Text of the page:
Police chief warns residents of phone scams

Published 3:35 pm Tuesday, February 22, 2011

By BRAD GASKINS / Staff Writer

COLUMBIANA – Columbiana Police Chief Lamar Vick is warning city residents to watch out in the wake of a string of recent phone scams mostly targeting the city’s older population.

If somebody calls you claiming you’ve won a prize but will have to send money via Western Union before receiving it, hang up the phone, Vick said. It’s a scam.

“There’s not a lot of things that are free,” Vick said. “The bottom line is, it’s common sense. Why would somebody send you $275,000 but they want you to send $275 up front?”

Vick was referring to the recent case of an older resident who was targeted by such a scam. She received a call from someone who told her she had won money and a new car but needed to send $275 up front to claim the prize.

The woman eventually hung up the phone, Vick said, but others aren’t always as fortunate. Some residents have made the mistake of giving the caller personal information before catching on to the scam.

“There are no banks, no Social Security office that calls you on your phone and asks you for personal information,” Vick said, “unless it’s your personal banker and you actually know them on a first name basis.”

Such phone scams are usually very elaborate, and the scammers are persistent, he said. In the most recent case, for example, someone called back four times after the older resident hung up the phone on him.

“There’s a lot of money that has been lost to these scams,” Vick said.

While younger residents can be targets, the scammers seem to prey on older residents.

Columbiana Mayor Allan Lowe said the scammers are skilled con men.

“It’s not their first rodeo,” Lowe said. “They’re good scam artists.”

Vick said it’s “almost impossible” to catch the perpetrators, who could just as easily be working from overseas as somewhere in the United States.

“They could be in another country sitting in a room with a lot of computers, sending out e-mails [fishing for information],” Vick said. “It’s almost impossible to catch them because of the way they run it.”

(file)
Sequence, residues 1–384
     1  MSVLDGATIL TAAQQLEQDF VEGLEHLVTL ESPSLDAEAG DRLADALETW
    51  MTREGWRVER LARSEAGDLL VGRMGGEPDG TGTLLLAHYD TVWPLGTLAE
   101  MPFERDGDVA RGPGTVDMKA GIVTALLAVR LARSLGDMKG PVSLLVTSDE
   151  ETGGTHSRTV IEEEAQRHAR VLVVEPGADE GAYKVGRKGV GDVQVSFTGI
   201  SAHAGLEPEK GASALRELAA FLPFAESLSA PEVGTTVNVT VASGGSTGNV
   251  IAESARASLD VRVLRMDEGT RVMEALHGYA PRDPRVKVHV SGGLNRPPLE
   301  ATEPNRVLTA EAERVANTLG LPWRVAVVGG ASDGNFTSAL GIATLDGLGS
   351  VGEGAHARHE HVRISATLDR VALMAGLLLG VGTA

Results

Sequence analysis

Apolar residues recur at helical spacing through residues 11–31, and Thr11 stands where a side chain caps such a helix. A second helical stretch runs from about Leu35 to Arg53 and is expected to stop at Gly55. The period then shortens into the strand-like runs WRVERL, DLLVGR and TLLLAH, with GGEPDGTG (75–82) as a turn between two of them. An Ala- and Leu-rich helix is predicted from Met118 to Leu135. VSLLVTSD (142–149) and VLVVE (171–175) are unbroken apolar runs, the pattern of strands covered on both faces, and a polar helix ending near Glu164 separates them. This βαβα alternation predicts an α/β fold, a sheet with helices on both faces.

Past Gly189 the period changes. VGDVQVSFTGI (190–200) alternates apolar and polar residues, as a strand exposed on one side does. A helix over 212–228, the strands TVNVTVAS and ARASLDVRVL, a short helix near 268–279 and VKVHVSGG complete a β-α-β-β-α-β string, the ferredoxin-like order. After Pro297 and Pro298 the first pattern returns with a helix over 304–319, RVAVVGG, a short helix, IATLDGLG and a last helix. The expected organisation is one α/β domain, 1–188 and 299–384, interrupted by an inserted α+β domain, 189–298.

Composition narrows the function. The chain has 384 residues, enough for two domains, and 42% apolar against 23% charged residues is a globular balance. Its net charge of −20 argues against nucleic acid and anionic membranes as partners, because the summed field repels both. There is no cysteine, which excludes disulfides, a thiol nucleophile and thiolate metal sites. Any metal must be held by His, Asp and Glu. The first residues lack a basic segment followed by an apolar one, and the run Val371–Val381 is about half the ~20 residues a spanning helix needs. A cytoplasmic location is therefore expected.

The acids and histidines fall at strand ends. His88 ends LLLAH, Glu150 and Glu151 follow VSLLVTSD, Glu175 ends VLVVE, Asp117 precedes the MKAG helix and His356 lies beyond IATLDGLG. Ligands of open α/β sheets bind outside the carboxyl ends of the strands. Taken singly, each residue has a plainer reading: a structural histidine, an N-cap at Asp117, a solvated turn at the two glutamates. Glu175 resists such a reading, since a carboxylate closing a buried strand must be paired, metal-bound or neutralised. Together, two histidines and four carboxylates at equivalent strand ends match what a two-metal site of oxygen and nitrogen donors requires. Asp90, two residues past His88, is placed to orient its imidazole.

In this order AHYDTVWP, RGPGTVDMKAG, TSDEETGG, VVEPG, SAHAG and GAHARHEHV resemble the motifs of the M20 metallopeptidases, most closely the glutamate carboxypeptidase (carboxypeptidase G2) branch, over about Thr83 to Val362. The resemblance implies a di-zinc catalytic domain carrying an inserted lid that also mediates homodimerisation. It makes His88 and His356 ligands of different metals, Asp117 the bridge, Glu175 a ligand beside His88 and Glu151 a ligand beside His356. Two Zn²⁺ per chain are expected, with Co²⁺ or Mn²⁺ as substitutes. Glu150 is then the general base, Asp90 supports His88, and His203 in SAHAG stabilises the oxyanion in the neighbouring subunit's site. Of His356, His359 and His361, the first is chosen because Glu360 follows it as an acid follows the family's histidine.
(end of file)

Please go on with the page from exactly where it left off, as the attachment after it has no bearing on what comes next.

There are probably more victims in Columbiana than authorities know about, Vick said.

“Some people are embarrassed to report the scam to authorities,” he said.

In addition to the phone scams, Vick also cautioned residents to be leery of anybody who unexpectedly shows up at their doors with a truck full of asphalt, especially if the person says he’s just finished repaving a driveway down the road and has some leftover asphalt.

If the resident tells the person or people to go ahead with the repaving, the final price usually ends up being as much as three times higher than the initial quoted price.

“Of course, we have some people that are legit that do that, but not all of them,” Vick said.

If a resident finds himself or herself in this position, and wants the driveway repaved, he or she should first contact the city and check to see if the company has a business license.

Even that’s not a fail-proof method to avoid the asphalt scam, Vick said, adding that his department welcomes calls from concerned citizens checking up on such companies.

While Vick can’t recommend a particular business instead of another, he said his department could let citizens know if the police department has had issues with it before.

Reports of the asphalt scam usually spike in the spring, Vick said.